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Matterhorn, 4478m. Hörnli Ridge.


The least difficult route up the most famous mountain in the Alps, if not the world.

Alpine Climbing Difficult

3.5 km
1.2 km
1.2 km
Low Point
3.3 km
High Point
4.5 km
Matterhorn, 4478m. Hörnli Ridge. Map

The Matterhorn is iconic. It has fascinated alpinists from all over the world for generations, and, despite the fixed ropes and this being a well-travelled route, it remains a challenge requiring fitness, acclimatisation, slick ropework and good conditions. The Hörnli Ridge is the route of the first ascent, and that in itself was a tragic epic, phenomenal in difficulty for its time, with one of the great legends, Whymper, being amongst the first ascentionists. Bear in mind it takes as long to descend as ascend, as, though never too difficult, it is never too easy either, so you need to impose strict turnaround times in your mind before you set off. Equally be aware there are numerous wrong turnings, some very well-travelled, so a recce the night before up as far as you can reasonably go, will pay dividends in the morning, in the dark, when people scatter in all directions. The mountain is intrinsically loose, so if you stray off the route into this loose terrain be sure to backtrack quickly, to put yourself on track, and to minimise the ever-present risk of stonefall to others. Major rockfalls are not uncommon, so the exact route changes slightly from year to year, and sometimes within the season. A helmet is absolutely essential.


Allow the Zermatt guides right of way as they will set a blistering pace up the mountain, congested though it is, particularly first thing. The route itself begins a very short walk from the hut, passing some old plaques to commemorate the pioneers. The exact detail of the route is so complex, and changing, it is misleading to try and micronavigate from a text. Broadly from the Hörnli Hut to the Solvay Hut you are staying on the L side of the ridge itself, passing to the L of some towers in ascent, taking a few wider loops out onto the E Face to the L, before returning to the ridge each time. At more exposed sections there are very occasional short sections of fixed rope, but in general, the vast majority of the time, you are moving together, the guided partied short roping. Just below and above the Solvay there are slightly steeper sections known as the Lower and Upper Moseley Slabs, where typically a couple of short pitches can be done, and there are again some fixed ropes leading up to the shoulder. Here there is a great sense of exposure as you begin to look onto the N Face and you commonly need crampons from here, making use of the occasional iron stanchions as runners. These lead you up to the final section of the mountain, which is much steeper and entirely climbed by using the fixed ropes. From the top of these there remains the final exposed summit slopes to crampon to the top. Descent is the same in reverse, taking great care to avoid knocking stones down, and also to give those in ascent priority. Occasional rappels can be done, but in general it is quickest to minimise these and move together where possible. The fast teams will make it down below the hut to catch the last lift down to Zermatt. This is a very special mountain day, that you will never forget.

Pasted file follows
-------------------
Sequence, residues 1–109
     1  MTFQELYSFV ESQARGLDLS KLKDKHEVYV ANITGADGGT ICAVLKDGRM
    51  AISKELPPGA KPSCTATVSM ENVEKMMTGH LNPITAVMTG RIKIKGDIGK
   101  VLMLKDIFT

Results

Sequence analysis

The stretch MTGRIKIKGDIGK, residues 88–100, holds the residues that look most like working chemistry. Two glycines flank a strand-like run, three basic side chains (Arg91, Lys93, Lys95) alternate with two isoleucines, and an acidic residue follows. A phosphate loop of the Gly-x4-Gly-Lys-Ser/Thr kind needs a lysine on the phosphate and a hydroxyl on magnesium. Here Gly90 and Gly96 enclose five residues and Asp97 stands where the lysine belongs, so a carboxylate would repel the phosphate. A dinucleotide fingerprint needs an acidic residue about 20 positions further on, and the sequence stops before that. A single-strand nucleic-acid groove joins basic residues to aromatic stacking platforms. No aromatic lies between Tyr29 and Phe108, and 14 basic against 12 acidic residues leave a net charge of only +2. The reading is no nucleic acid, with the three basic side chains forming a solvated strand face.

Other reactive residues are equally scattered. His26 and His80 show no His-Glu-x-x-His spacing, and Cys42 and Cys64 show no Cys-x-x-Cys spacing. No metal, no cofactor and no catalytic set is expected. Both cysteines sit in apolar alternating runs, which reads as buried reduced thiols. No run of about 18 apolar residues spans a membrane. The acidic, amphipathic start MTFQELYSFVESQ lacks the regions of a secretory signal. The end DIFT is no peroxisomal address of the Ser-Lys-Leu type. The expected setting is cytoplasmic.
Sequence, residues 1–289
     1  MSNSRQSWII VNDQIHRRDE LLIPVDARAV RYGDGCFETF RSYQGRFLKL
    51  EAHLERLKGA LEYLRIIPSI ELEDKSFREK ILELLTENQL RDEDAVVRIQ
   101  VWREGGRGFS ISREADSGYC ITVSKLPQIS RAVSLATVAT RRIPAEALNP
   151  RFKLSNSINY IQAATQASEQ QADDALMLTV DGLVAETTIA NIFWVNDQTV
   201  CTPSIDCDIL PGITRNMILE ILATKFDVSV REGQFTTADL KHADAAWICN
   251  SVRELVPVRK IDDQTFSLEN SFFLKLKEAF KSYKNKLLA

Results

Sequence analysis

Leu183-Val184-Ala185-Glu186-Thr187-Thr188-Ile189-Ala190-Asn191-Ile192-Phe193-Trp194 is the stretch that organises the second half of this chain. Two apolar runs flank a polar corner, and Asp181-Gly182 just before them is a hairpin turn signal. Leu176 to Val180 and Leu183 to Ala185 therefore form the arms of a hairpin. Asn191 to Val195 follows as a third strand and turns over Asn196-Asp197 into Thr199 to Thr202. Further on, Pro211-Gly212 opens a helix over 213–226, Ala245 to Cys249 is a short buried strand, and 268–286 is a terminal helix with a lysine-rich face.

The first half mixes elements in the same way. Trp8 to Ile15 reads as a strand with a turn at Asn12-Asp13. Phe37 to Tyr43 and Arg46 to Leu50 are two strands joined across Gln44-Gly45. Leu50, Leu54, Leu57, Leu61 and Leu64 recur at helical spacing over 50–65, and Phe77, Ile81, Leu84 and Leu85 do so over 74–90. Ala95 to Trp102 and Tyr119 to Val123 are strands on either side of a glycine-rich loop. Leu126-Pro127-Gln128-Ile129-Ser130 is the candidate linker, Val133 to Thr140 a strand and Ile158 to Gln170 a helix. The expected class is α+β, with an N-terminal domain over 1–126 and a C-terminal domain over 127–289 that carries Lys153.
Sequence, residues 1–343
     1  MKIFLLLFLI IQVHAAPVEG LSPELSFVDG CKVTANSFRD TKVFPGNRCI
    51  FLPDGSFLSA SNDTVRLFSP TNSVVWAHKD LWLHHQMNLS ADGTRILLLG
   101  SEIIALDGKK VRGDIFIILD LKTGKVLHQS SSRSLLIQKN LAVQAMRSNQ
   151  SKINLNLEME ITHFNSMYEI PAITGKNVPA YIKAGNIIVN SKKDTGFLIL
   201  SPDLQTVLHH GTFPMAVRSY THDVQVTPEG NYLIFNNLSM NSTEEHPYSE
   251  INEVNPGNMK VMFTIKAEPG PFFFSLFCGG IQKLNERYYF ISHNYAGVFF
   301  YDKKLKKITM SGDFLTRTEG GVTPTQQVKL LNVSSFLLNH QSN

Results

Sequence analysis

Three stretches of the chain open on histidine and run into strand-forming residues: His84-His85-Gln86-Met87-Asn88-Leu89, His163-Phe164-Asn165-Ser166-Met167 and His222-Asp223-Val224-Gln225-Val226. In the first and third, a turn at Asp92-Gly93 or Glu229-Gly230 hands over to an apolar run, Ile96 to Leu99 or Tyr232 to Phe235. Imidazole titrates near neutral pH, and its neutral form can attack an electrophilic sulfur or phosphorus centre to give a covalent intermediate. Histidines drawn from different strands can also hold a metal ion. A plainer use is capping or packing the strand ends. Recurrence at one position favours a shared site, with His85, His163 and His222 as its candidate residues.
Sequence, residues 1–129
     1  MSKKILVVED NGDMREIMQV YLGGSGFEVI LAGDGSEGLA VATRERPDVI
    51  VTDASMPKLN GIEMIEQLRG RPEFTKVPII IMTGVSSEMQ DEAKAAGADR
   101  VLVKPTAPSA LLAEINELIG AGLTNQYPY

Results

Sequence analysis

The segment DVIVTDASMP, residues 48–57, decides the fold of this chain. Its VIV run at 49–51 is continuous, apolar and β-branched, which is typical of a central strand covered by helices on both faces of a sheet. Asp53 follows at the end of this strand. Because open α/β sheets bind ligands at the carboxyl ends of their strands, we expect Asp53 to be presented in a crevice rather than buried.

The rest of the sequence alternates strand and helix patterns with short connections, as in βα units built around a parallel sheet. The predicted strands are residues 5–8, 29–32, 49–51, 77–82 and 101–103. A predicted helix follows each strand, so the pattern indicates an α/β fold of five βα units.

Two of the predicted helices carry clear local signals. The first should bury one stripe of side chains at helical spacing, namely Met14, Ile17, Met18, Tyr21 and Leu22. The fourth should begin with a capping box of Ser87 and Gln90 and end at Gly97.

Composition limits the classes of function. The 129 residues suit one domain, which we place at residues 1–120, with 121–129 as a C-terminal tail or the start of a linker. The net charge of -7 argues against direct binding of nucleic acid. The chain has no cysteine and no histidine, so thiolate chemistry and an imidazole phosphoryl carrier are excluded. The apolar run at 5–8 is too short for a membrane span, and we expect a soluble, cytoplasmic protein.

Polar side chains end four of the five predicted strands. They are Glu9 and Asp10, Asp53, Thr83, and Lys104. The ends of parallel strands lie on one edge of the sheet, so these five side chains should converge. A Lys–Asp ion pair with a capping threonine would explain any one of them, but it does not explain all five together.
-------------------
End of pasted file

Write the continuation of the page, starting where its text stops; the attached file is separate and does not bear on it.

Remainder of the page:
The beginning of truly technical terrain which might involve pitched climbing on rock and/or ice, exposed terrain and complex route finding in ascent and descent. Equivalent to AD, AD+

High Exposure

3 out of 4

Much of the route is difficult to protect and a fall could be disastrous at certain points.


3 out of 4

Little chance of being seen or helped in case of an accident.

Best time to visit

between July and September

Equipment required

  • Ice axe
  • Crampons
  • Quickdraws
  • Wires and Friends

Similar routes nearby

Guidebooks in this area